This does not speak well for the manner in which Oak Park is governed if its top staff member wants out so soon. Having had the honor of serving as Oak Park’s senior planner 22 years ago, I’ve seen the quality of government slowly, but surely deteriorate as staff members are terrified to speak their professional minds when the elected officials ignore their own adopted comprehensive plan and implement ill-advised laws, policies, and practices.

It’s a shame because Oak Park is one of the Chicago area’s true gems. Somehow the good people of Oak Park don’t get the quality of governing they deserve. Then again, what do you expect when village hall seems intent on running a local treasure like Los Cazadores out of town.
Daniel Lauber

Tom Barwin is a hard-working, efficient manager. It is too bad he had to become the scapegoat for an incompetent village board.
David S. Worth

It really saddens me to hear that our village manager is planning to leave Oak Park. I know how difficult it was for the previous board to find a gem like Tom.
Mila Tellez

As a former 40-year resident of Oak Park, I always felt slightly uneasy about the selection of Tom Barwin, even though everything I knew about him originated with the Wednesday Journal.
Andrew M. Nocker

“Let’s get Oak Park moving again,” heralded the VMA election slogan in April, 2007. Well, apparently, Village Manager Tom Barwin, hired by President David Pope and his VMA board, finds that the VMA is moving Oak Park in the wrong direction. Who could not agree? A 15-percent increase in the village portion of property taxes and village fees; interminably long meetings leading to the unprecedented resignation of three village trustees; destruction of the Marion mall which has not led to a retail resurgence downtown; embarrassing defection of developers for the Colt site and the site at South Blvd. and Harlem; the ugly monstrosity that is the multimillion-dollar taxpayer giveaway creating the Whiteco gateway to Oak Park; the $20,000 ugliness on Harrison Street; high-rise development destroying our historic districts; $50,000 of contributions to VMA candidates from Washington D.C. lobbyists and the two out-of-town downtown Oak Park power brokers; unethical extension of the downtown service area tax which continues to make downtown Oak Park a retailer’s nightmare; businesses leaving Oak Park for Forest Park; $30 million taxpayer giveaway to the supposedly “well-financed” Avalon Bay developer. Mr. Barwin is a former police officer and a man of high ethics. No wonder he has had his fill of the VMA getting Oak Park moving again.
Les Golden

Whether or not Tom Barwin is given the job in Boulder, Colo., his accomplishments and progress in Oak Park should be recognized.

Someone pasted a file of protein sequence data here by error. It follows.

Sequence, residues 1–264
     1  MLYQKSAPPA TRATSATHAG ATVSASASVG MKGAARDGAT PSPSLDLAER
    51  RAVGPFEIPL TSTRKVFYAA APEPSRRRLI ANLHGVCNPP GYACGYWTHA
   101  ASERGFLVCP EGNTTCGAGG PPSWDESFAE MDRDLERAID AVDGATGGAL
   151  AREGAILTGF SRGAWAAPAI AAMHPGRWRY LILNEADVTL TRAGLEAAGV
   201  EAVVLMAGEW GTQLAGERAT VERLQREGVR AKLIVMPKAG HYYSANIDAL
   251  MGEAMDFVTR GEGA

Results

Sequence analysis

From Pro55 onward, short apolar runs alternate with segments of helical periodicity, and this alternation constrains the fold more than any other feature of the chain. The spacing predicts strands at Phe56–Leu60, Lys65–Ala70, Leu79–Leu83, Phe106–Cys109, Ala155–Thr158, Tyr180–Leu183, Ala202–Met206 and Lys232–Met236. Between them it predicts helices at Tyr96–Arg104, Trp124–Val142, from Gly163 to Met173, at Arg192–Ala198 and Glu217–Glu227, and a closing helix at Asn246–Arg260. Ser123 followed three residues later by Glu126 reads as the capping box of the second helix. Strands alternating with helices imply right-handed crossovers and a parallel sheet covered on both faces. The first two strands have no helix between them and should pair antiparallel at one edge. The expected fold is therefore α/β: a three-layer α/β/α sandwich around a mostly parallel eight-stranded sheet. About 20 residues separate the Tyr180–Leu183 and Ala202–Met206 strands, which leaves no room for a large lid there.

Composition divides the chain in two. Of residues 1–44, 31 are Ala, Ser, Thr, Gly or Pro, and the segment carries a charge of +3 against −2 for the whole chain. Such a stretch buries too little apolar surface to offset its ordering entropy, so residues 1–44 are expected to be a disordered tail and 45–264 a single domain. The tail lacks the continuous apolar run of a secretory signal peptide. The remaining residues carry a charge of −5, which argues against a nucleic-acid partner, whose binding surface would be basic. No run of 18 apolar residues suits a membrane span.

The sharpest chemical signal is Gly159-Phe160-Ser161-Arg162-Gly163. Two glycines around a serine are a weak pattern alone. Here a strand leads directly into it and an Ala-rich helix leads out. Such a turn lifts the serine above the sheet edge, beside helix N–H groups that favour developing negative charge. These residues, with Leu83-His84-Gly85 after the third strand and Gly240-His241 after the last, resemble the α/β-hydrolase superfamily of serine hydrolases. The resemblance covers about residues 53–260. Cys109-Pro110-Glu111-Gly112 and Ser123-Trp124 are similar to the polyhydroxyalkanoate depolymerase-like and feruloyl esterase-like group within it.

When he was hired by the NLC-majority village board, he aggressively moved to improve the business districts in town and put a brake on spending at village hall. This included such efforts as examining the number of days off with pay, in some cases reaching 60, in the contracts of village employees.

Unfortunately, such factors as interminably-long village board meetings and extra sessions scheduled by Village President David Pope led to the resignation of NLC trustees Geoff Baker and Martha Brock. With the defeat of Robert Milstein in 2007, only Geoff Marsey remained of the NLC-majority and Mr. Barwin now faced dealing with a VMA-controlled board. The interaction reverted to one with the VMA: Rather than utilizing your expertise to put in your reforms, do what we demand and toe the line.

The emphasis was no longer on improving business districts and cutting spending but massive taxpayer-subsidized developments such as Whiteco, Forest and Lake, the Opera House, the Colt site, and South Blvd. and Harlem. Barwin was also forced to yield to the power of Willis Johnson and Mike Fox, out-of-town downtown property owners who provide massive campaign contributions to the VMA and who demanded that Willis Johnson’s unemployed cronies, Pat Zubak, head of Downtown Oak Park, and John Wielebnicki, the hugely unpopular and inefficient head of public works, be brought in from Elmhurst.

Unhappy with his inability to govern in the face of the VMA board, Mr. Barwin felt squeezed and has begun to look elsewhere. It’s a sad day for Oak Park.
Ralph Gustafsson

All of this is premature to say the least, but maybe Mr. Barwin, with his years as a police officer and previous village manager has given up helping the village when there is a powerful growing force called parking enforcement that aggressively generates income pursuing meter violators, and parkers in our village. Maybe this is an embarrassment to him.

And with the newest overnight fee of $5 for parking and signs notifying about parking increases without any explanation why it’s needed, what the money is being used for, or who is behind the curtain controlling this without any stopping in sight, it’s a contradiction to business owners, residents, and visitors who are under the perception the village supports them.

This force is not comprised of sworn professional police officers. This force has been given the power to run license plates. Not sure if that qualifies under the LEADS agreement. So who can blame Mr. Barwin if at one time he did plan on staying for several years. Mr. Barwin knows the distinction between a professional police officer and a meter reader.

As for Mr. Barwin leaving, if he is given the new position, it should not go against him. Senator Obama said he wasn’t going to run for president, then said he would, then changed back to wouldn’t, and then entered the race. Sometimes people want to stay committed to their word, but when things are not working, then it’s time for a change.
Bill Maxwell

Join the discussion on social media!